My colleagues and I have written on occasion about innovation theater. But I had a different thought this morning. Here’s what happened:
Like many people, I now work from home almost exclusively. I have occasional in-person meetings with colleagues and customers, but they’re rare and usually considered special events. Even before the pandemic, I was working a flexible schedule, through which I worked in the office most of the time and at home some of the time. The flexible schedule allowed me to be available for personal and family commitments while maintaining work responsibilities.
I still have an office outside of my home. I’ve been there a handful of times over the last few years. I’ve gone there to gather some things I’ve needed to work from home more effectively: a few files, an extra computer monitor, etc. When I go to the office now, it feels like a museum or a time capsule representing the way in which work was done a just few years ago. There’s been a universal shift. Work will never be the same. Virtual meetings have become the norm, with good reason. Traveling to the office and to see customers was time-consuming. It’s no longer valuable.
This morning, I took a shower, which is unusual. Showering is not unusual but doing it in the morning is. I usually shower later in the day or in the evening after a workout. Back in my office-work days, I used to get up early, shower, dress for work, and grab a quick bite and a cup of coffee before going into the office. My shower this morning reminded me of how manic I used to be about my morning routine. Sadly, much of the motivation for my behavior was appearances. I didn’t really question it at the time. It was just how work was done.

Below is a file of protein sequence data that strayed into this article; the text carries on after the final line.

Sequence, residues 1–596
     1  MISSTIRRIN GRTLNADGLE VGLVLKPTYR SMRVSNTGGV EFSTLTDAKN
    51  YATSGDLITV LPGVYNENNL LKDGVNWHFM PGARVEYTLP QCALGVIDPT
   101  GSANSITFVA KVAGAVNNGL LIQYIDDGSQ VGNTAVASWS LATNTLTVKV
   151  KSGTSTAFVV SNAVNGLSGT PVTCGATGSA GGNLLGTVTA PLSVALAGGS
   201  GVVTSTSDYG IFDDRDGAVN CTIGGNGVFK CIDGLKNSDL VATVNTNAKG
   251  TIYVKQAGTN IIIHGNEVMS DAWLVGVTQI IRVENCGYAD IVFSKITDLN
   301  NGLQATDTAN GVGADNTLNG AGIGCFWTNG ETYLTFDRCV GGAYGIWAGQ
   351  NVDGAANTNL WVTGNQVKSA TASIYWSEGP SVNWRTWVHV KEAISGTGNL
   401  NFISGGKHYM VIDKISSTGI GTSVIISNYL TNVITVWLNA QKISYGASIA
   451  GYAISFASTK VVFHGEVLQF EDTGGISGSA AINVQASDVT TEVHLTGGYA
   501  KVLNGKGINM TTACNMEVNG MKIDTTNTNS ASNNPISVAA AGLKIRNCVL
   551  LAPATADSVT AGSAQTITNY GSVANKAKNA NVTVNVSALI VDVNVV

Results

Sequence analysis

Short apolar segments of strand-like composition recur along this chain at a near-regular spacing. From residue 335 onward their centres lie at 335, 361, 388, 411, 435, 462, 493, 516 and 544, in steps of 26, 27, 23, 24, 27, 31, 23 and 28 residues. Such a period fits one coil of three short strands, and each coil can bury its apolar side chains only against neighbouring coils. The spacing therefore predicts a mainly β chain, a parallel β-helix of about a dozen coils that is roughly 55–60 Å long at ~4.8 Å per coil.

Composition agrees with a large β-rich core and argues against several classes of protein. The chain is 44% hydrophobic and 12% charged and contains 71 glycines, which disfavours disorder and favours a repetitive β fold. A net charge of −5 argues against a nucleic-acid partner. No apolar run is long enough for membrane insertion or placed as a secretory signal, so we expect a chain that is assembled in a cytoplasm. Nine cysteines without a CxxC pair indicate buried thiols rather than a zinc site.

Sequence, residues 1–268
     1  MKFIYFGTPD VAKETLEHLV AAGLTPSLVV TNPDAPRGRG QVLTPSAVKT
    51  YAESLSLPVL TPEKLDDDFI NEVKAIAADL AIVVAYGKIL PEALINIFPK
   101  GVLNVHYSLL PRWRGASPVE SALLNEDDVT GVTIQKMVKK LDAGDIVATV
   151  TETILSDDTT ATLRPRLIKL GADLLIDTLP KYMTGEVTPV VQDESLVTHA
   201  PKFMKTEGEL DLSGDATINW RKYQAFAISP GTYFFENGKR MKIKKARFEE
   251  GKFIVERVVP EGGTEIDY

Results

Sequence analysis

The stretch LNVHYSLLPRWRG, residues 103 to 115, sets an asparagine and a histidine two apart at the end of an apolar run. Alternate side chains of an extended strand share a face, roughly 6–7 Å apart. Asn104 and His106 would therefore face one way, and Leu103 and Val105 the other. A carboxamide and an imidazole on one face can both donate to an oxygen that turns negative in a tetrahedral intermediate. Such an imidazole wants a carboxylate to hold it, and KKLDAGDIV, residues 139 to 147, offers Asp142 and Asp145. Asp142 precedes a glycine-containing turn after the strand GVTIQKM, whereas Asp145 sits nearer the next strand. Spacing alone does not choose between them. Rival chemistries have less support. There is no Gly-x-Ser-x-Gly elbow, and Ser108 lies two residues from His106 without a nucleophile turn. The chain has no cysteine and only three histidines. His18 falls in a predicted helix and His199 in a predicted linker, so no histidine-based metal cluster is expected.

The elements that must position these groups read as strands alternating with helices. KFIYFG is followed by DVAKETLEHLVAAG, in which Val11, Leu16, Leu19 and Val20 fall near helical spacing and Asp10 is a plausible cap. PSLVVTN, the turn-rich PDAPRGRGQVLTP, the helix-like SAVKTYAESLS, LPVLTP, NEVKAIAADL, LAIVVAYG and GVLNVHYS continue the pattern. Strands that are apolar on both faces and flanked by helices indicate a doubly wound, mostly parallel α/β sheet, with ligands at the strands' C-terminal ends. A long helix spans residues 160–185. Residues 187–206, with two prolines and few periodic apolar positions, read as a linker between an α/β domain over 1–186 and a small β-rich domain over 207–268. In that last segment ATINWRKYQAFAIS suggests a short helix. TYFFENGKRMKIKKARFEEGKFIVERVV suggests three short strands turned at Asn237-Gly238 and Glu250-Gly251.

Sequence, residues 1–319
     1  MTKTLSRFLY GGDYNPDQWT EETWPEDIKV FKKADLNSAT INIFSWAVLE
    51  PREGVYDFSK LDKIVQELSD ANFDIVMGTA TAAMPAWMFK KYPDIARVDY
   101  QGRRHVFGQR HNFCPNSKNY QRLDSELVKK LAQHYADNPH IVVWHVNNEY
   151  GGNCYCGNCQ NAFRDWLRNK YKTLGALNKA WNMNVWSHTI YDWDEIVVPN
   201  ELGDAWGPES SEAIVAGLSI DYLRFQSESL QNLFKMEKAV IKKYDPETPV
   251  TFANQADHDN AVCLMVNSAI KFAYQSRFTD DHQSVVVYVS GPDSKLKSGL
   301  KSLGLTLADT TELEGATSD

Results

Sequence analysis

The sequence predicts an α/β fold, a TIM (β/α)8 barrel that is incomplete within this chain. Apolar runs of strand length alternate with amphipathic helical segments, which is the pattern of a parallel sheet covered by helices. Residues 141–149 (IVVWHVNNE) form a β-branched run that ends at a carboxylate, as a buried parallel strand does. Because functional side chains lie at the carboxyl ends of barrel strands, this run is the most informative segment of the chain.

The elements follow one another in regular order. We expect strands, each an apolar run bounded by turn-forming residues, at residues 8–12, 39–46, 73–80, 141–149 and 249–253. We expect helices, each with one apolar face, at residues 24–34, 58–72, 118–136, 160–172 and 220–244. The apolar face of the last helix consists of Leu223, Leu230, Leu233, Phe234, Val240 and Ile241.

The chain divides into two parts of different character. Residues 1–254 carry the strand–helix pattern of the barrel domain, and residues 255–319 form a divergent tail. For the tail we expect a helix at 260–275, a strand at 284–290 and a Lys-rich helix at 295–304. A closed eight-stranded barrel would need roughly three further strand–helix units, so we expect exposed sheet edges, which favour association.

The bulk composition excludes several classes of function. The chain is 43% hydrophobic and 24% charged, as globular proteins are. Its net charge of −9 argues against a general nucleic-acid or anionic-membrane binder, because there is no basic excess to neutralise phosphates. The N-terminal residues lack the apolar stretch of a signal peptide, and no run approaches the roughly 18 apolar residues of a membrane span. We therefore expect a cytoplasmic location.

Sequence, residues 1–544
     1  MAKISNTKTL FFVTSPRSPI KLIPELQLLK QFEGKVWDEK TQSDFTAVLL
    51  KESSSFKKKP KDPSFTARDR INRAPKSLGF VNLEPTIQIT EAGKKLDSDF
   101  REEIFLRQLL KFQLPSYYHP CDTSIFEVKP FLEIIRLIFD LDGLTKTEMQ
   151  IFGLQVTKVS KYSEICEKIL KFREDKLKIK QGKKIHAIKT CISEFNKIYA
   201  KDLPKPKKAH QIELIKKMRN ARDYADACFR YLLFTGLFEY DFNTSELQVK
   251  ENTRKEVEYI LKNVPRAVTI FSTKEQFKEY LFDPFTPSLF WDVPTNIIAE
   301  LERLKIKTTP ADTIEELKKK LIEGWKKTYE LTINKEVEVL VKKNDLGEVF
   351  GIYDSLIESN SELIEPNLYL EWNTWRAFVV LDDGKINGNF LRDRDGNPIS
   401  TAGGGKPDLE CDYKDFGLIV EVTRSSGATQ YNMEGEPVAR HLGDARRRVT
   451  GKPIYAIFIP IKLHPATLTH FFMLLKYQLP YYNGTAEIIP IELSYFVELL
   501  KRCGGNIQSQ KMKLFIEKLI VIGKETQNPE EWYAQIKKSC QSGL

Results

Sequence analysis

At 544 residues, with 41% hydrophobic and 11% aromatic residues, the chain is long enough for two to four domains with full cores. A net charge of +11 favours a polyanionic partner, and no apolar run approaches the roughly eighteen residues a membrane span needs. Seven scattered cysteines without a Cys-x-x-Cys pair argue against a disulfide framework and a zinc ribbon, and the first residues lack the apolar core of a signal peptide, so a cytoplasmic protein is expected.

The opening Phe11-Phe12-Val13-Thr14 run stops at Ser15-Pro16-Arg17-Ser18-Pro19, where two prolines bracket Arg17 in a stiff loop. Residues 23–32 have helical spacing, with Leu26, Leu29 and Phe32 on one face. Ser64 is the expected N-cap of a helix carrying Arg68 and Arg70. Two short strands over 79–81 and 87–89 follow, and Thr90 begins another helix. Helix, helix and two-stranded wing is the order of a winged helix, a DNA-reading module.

It was important to me to get into the office early, before most people and to work late, leaving after most of my colleagues. I lived this behavior for much of my career. As I was working up through the ranks, it was important that my bosses saw me consistently in the office early and late. As I became the boss, it was important to me that others saw I was consistently in the office early and late.
The Work’s the Thing
Hamlet famously said, “The play’s the thing.” That’s not true in the COVID-transformed world of work. Now, the work’s the thing.
Being in an office daily with coworkers has benefits. You can get to know your colleagues and how they work and how they manage themselves. Spontaneous collaboration can occur, and work can be done. But when I compare my office experience to the way I work now, it seems hugely inefficient. Lots of travel, grooming, business attire shopping … and for what? Appearances. It turns out I was a performer of office theater. I was there and I expected my colleagues to be there, but that didn’t necessarily mean work was being done. Some theater was being produced, for sure. And work was almost secondary.
Now that everybody is remote and ubiquitously available electronically, actual work output is the measure of commitment and contribution. Since there’s little social protocol like bringing doughnuts and coffee to a videoconference, for example, people schedule and attend virtual meetings because they’re necessary. Don’t misunderstand me: I like to socialize with people, but I’m enjoying having work meetings about work and mingling with friends when I’m not working.
Let’s not lament about how things used to be. Let’s embrace the way things are.